user programs spawn off new threads. So Exec will
eventually be calling Fork. Here are some hints and issues:
- When you execute Nachos with the -x option, that
first thread runs courtesy of the StartProcess function
in progtest.cc. Use that as a guide as to how
Exec will get new threads running.
- There are addressing issues with the argument of Exec.
Namely, each character of the string (the string represents the
file to be run in the new thread) will be stored in a logical
address. This must be translated to the physical address by your code
before you can use it!
- Pay attention to the instructions about incrementing the
PC manually when you do a system call. That's easy to forget.
- It would be helpful in your debugging if your user programs
could print, so here is
an implementation of the Write system call that you
can use to do just that. It will also be helpful to you as
another example of a system call.
- EXTRA CREDIT ALERT: The project guide
also has you implementing the
Join system call, but I'm not requiring it. However,
implementing it successfully nets you an additional
5 points (10%) of extra credit. As we've discussed
in class, implementing Join complicates Exit since
exiting PCBs may need to wait for their parents to finish.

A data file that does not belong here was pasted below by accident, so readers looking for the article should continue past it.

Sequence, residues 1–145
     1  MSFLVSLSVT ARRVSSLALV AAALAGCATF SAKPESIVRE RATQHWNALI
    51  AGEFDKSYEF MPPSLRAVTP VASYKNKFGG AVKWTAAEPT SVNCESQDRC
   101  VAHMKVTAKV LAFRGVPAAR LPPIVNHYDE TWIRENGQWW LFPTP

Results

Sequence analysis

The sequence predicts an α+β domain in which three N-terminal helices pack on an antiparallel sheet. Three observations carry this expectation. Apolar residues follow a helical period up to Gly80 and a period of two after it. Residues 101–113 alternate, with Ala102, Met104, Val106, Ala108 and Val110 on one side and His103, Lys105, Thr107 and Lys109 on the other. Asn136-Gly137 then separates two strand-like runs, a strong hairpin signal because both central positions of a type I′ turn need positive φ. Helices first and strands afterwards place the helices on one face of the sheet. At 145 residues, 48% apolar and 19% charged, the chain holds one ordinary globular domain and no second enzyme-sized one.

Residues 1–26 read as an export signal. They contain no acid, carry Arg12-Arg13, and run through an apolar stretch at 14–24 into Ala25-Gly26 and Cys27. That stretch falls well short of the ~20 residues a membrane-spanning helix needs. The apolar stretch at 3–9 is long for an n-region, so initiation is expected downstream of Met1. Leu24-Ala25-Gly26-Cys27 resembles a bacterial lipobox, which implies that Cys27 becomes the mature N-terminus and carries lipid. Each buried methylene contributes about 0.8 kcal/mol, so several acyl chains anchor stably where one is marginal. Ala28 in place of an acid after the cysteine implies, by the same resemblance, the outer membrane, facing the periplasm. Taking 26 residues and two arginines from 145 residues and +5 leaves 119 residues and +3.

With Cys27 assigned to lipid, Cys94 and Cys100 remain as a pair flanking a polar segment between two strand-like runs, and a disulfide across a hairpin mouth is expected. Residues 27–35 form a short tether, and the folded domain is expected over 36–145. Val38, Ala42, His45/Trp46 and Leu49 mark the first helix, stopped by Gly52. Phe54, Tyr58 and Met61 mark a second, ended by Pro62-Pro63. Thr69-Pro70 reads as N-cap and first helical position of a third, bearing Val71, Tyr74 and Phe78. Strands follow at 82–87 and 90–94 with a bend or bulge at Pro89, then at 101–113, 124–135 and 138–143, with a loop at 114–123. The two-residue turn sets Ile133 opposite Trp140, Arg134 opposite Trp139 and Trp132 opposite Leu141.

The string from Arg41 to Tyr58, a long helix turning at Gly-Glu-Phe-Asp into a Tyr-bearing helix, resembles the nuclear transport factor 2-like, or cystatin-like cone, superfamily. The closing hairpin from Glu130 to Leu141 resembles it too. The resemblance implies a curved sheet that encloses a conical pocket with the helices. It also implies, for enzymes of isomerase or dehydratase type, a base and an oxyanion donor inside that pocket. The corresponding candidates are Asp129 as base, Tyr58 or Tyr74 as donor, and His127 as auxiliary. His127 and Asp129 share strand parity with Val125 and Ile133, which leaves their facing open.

To test, create some user programs that call Exec and Exit
and make sure they work. Again, DEBUG statements will be
useful here to provide output.
This project is worth 50 points:
- 10 points for the write-up of Part 1.
- 20 points for a working paging system detailed in Part 2.
- 15 points for a working Exec system call
- 5 points for a working Exit system call
What to turn in
- For Part 1, just turn in your write-up.
- For Part 2, turn in a paper
copy of your output showing your frames being allocated
(using the DEBUG stmts mentioned above). Make sure to have at
least one test where
discontiguous frames are being allocated. Label your tests
well and include explanations so I can tell what is going on.
Also, turn in paper copies of source code for all code
you have written for this project.
Electronically, please submit your entire nachos directory
(the code directory) using our submission script.
- For Part 3, please do the same thing you did for Part 2:
turn in paper copies of your output
tests and source code where you modified it. Then submit
nachos in its entirety electronically:
/home/csc335pub/submit csc335 <full path to your code
Having trouble? Don't wait until the last minute! Come see me and get
Programming assignments, like homework
assignments, are individual projects. I encourage you to
others about the general nature of the project and ideas about how to
However, the technical work, the writing, and the inspiration behind
be substantially your own. If any person besides you contributes in any
the project, you must credit their work on your homework. Similarly, if
include information that you have gleaned from other published sources,
cite them as references. Looking at, and/or copying, other people's
written work is inappropriate, and will be considered cheating.